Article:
Thursday Dec 06, 2012

Columbia University Secures PeopleSoft Financials with Oracle's Transparent Data Encryption

Columbia University, the oldest institution of higher learning in New York, protects sensitive data in Oracle's PeopleSoft Financials using Oracle Advanced Security with transparent data encryption. Hear, Nick Caragiulo, manager of database administration, discuss how Columbia helps address internal and regulatory requirements for encryption of data at rest and in motion.

Wednesday Nov 21, 2012

Closing the Gap: 2012 IOUG Enterprise Data Security Survey

The new survey from the Independent Oracle Users Group (IOUG) titled "Closing the Security Gap: 2012 IOUG Enterprise Data Security Survey," uncovers some interesting trends in IT security among IOUG members and offers recommendations for securing data stored in enterprise databases.
Closing the Gap: 2012 IOUG Enterprise Data Security Survey Report
"Despite growing threats and enterprise data security risks, organizations that implement appropriate detective, preventive, and administrative safeguards are seeing significant results," finds the report's author, Joseph McKendrick, analyst, Unisphere Research.

Produced by Unisphere Research and underwritten by Oracle, the report is based on responses from 350 IOUG members representing a variety of job roles, organization sizes, and industry verticals.

Key findings include

  • Corporate budgets increase, but trailing. Though corporate data security budgets are increasing this year, they still have room to grow to reach the previous year’s spending. Additionally, more than half of respondents say their organizations still do not have, or are unaware of, data security plans to help address contingencies as they arise.
  • Danger of unauthorized access. Less than a third of respondents encrypt data that is either stored or in motion, and at the same time, more than three-fifths say they send actual copies of enterprise production data to other sites inside and outside the enterprise.
  • Privileged user misuse. Only about a third of respondents say they are able to prevent privileged users from abusing data, and most do not have, or are not aware of, ways to prevent access to sensitive data using spreadsheets or other ad hoc tools.
  • Lack of consistent auditing. A majority of respondents actively collect native database audits, but there has not been an appreciable increase in the implementation of automated tools for comprehensive auditing and reporting across databases in the enterprise.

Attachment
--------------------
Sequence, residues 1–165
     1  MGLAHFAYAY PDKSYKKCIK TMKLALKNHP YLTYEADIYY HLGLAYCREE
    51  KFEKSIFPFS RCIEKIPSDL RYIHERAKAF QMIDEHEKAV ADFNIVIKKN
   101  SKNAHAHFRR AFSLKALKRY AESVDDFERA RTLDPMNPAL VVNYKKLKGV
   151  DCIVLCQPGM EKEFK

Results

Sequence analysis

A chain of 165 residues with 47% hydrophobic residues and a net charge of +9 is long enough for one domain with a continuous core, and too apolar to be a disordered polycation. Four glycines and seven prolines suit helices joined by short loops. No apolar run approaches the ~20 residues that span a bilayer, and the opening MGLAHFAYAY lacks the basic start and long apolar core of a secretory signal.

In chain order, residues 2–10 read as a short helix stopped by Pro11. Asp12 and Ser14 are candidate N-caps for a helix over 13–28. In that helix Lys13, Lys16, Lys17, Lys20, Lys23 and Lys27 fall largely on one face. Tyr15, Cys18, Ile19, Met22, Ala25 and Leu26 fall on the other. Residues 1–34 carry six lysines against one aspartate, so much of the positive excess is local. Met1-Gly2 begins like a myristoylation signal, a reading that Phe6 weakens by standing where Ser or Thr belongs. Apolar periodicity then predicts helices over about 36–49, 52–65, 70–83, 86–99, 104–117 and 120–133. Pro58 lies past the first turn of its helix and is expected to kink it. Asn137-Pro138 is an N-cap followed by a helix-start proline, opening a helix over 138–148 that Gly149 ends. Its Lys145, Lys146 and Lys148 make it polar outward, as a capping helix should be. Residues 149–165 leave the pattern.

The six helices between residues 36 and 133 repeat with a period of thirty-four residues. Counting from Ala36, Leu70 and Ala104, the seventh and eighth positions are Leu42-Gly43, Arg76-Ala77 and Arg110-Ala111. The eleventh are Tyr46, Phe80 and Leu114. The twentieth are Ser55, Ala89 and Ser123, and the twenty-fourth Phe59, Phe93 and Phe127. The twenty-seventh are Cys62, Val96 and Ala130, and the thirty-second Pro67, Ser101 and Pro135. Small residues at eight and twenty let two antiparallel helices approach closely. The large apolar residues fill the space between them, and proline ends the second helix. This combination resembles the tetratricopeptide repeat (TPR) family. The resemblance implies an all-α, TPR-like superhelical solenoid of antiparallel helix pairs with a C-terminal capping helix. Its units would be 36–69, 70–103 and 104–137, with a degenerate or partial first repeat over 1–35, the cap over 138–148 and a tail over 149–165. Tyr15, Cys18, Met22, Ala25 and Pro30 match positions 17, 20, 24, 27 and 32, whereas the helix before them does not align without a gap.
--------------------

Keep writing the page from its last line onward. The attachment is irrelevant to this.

IOUG Recommendations
The report's author finds that securing data requires not just the ability to monitor and detect suspicious activity, but also to prevent the activity in the first place. To achieve this comprehensive approach, the report recommends the following.

  • Apply an enterprise-wide security strategy. Database security requires multiple layers of defense that include a combination of preventive, detective, and administrative data security controls.
  • Get business buy-in and support. Data security only works if it is backed through executive support. The business needs to help determine what protection levels should be attached to data stored in enterprise databases.
  • Provide training and education. Often, business users are not familiar with the risks associated with data security. Beyond IT solutions, what is needed is a well-engaged and knowledgeable organization to help make security a reality.

Wednesday Nov 07, 2012

Gone in 60 Seconds: An Insecure Database is an Easy Target

According to the recent Verizon Data Breach Investigations Report, 98% of breached data originates from database servers and nearly half are compromised in less than a minute! Almost all victims are not even aware of a breach until a third party notifies them and nearly all breaches could have been avoided through the use of basic controls.

Join us for this November 28th webcast to learn more about the evolving threats to databases that have resulted in over 1 billion stolen records. Also, hear how organizations can mitigate risks by adopting a defense-in-depth strategy that focuses on basic controls to secure data at the source - the database.

There's no turning back the clock on stolen data, but you can put in place controls to ensure your organization won't be the next headline.

Note, this webcast will be recorded for on-demand access after November 28th. 

Wednesday Aug 29, 2012

Why Cornell University Chose Oracle Data Masking

One of the eight Ivy League schools, Cornell University found itself in the unfortunate position of having to inform over 45,000 University community members that their personal information had been breached when a laptop was stolen. To ensure this wouldn’t happen again, Cornell took steps to ensure that data used for non-production purposes is de-identified with Oracle Data Masking.